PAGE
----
We also need to become an open market to encourage foreign investments and an exchange of experience with other markets. If we truly want the startup ecosystem to flourish in Kuwait we have to attract the talents and expertise that can give our ecosystem a boost.
Finally, I would say there are cultural hurdles we need to overcome. There remains a cultural fear of failure, where failing in business isn’t seen as a learning experience, but a mark of shame. Many Kuwaitis are still too comfortable with their government safety net to venture into entrepreneurship. Norway shares a similar culture to Kuwait, where the welfare state makes people less inclined to take risks. There is also social pressure to stick to a government job and not start a business, where the possibility of success isn’t guaranteed. Having said that, we are seeing individuals leaving government and private sector jobs to start their own businesses. Hopefully, this trend will continue.
That is interesting. Here, a common aim is to work for the government and have a job for life.
Exactly. Many of our community members are working on their business as a side project, while holding a government job.
As a woman entrepreneur, would you say women are in a much better situation here in Kuwait than anywhere else in the region?
I really can’t compare between Kuwait and the rest of the region. From what I’m seeing, there are many women entrepreneurs in the region, and many wonderful initiatives supporting women in entrepreneurship. I have met several ambitious women entrepreneurs in Kuwait who run their businesses while successfully maintaining the right balance with their family and social lives. They let nothing stop them from living their entrepreneurial dreams.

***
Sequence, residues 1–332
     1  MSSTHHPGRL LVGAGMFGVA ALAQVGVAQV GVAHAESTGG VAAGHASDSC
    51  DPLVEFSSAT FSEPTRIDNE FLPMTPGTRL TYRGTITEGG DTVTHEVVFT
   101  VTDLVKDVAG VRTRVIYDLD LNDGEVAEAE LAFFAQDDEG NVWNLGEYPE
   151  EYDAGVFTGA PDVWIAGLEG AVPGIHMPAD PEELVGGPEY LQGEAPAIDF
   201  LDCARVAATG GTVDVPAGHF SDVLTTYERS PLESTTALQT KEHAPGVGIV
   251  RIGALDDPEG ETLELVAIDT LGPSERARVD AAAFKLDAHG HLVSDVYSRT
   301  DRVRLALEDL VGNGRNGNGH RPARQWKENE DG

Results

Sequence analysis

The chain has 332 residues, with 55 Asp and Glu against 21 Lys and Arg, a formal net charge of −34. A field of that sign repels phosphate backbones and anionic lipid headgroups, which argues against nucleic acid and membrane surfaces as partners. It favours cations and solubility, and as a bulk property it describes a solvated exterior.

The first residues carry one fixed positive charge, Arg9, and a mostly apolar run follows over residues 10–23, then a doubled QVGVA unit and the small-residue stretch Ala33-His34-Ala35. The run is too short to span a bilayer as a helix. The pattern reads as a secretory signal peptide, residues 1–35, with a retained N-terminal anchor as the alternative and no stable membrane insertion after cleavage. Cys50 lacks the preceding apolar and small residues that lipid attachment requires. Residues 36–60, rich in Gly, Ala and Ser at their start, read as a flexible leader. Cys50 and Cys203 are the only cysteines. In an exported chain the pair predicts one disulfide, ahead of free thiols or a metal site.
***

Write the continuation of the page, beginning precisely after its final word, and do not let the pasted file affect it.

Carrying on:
The entrepreneurship scene is moving here, it’s growing, you are one example. Do you have any success stories?
The biggest acquisition in the region, so far, is of the Kuwaiti startup, Talabat, which was acquired by Rocket Internet. Ghaliah Tech, a Kuwaiti social media agency, was also partially acquired by Ifa. At Sirdab Lab we’re working closely with a few tech startups, such as BoxIt, and will see many startups launch in the near future.
A lot of these startups do not have a lot of money, so how do you finance yourself?
We started Sirdab Lab knowing we’ll be investing in growing the startup community, so we aim to be as startup-friendly as possible. We provide a lot of free networking and educational events and workshops.
We also have Sirdab Lab membership, which gives entrepreneurs access to using our coworking space 24/7, discounts on all our paid events, and includes mentorship hours. Sirdab Lab effectively becomes their startup base, and they can even host their launch party free of charge. All this is provided at a nominal fee.
In addition to being a great support system for startups, it also allows us to work closely with startups to find investing opportunities for us. When we find startups worth investing in we approach them with an investment offer.
And then will you help them raise the right partners in technology?
We held the first co-founder speed dating event to serve this purpose, and we aim to host similar events on a regular basis. It’s not simply a technology partner, but the right partner with a complementary skill set. When working with startups, we pay close attention to their individual needs. Do they need funding? Are they ready for funding? At times our members approach us so we can connect them to Silicon Valley mentors or investors, but we don’t make the connection immediately. We have to ensure they’re ready to make a positive impression.
This kind of business is disruptive to most markets. How many startups here are you willing to take?
I will answer with the only answer I can: “It depends.” Dealing with startups is unpredictable, so we don’t know how many startups will wow us and can truly disrupt the industries they enter.
It is interesting because I see a real niche in your work for foreign startups looking to Kuwait as a possible opportunity for business. You are the go-to people in the country. How are you approaching these foreign investors or potential startups that are looking to Kuwait?
We definitely aspire to have Kuwait attract foreign investors, and we’re keen on working with entrepreneurs to help them enter the region. It’s extremely important for us – especially at this stage – to attract smart money, which bundles financial investments with a transfer of knowledge.